Coronavirus blame game fuels exodus from 2 big ETFs focused on China

The S&P 500 fell more than 2%, the Dow lost as much as 600 points and the Nasdaq’s losses from an August record approached 10%.
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Tension between the world’s two largest economies over the coronavirus pandemic drove an exodus from two ETFs tracking Chinese companies.

Traders pulled a record $193 million from KraneShares CSI China Internet Fund (KWEB) on Tuesday, according to data compiled by Bloomberg. The $2.1 billion ETF has giants such as Tencent and Alibaba among its top holdings. Meanwhile, BlackRock’s $3.8 billion iShares China Large-Cap ETF (FXI) saw its biggest drawdown since July.

The renewed friction between Washington and Beijing threatens to undermine a trade deal signed only months ago, further jeopardizing global economic prospects. China has fired back at U.S. Secretary of State Michael Pompeo, saying he has no evidence to back up claims that the virus that causes COVID-19 escaped from a laboratory in the central city of Wuhan. Early sympathy for China’s plight has given way to increased tensions around the world, from the U.S. to Europe and Australia.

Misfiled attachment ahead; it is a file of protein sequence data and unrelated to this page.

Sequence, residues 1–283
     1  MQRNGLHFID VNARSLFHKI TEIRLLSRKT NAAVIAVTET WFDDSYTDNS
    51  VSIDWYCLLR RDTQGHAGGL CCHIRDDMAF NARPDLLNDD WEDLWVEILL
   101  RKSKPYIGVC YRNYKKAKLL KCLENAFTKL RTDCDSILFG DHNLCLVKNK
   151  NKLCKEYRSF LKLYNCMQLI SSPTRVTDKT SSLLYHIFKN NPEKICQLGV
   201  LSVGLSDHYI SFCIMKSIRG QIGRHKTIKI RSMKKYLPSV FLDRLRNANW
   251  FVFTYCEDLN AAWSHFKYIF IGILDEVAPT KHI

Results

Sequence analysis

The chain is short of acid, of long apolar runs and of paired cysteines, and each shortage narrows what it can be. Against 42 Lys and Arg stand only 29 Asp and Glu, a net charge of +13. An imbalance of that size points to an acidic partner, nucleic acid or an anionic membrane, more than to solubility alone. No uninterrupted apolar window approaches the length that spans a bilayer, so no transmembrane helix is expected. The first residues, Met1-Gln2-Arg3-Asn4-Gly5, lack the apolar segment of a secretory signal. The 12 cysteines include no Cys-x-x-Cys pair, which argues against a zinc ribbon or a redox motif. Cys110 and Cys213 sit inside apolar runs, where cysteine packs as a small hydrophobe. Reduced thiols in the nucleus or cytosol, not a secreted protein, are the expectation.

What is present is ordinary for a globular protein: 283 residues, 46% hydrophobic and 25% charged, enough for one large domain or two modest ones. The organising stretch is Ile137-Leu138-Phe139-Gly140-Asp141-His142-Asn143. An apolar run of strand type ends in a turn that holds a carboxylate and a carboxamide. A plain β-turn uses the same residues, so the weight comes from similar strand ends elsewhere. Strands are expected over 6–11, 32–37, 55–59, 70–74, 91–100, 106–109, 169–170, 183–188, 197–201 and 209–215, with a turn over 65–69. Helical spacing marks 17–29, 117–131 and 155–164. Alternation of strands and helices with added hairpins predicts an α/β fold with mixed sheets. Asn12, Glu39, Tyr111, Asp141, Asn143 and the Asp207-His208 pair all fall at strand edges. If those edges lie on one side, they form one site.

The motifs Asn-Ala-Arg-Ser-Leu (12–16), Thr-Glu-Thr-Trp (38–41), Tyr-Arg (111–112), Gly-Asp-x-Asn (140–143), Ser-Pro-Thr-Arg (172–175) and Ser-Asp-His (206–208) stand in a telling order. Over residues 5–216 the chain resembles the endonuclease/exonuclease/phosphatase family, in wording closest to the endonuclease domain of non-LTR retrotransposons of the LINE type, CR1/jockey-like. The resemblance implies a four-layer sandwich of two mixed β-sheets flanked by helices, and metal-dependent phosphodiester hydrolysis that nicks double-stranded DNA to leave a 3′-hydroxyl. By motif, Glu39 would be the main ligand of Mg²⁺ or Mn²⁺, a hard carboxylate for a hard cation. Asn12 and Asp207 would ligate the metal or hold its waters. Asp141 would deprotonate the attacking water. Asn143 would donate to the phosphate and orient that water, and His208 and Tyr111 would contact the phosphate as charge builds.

“As G-7 nations start to look toward China’s government to place blame on them about the COVID-19 outbreak and its source, sentiment has clearly started to change,” said James Pillow, managing director at Moors & Cabot.

Even some of the industry’s cheapest products “may be overpriced” in that they’re “mirroring a passive index,” an expert says.
May 5

After suffering a drawdown of more than $400 million in April, China-focused ETFs have seen outflows of about $87 million in early May, according to data compiled by Bloomberg. Even after rallying last month, FXI has fallen more than 12% in 2020, while KWEB is down about 2.5%.

Philip Lawlor, FTSE Russell’s managing director of global markets research, said the flows could be from profit-taking and fears that President Trump will maintain his anti-China rhetoric through the 2020 election.

“His deflection strategy is clearly going to be placing all the blame on China and launching an attack on China in terms of economic sanctions,” he said. “The market is aware we are lining up for a confrontational second half of the year.”

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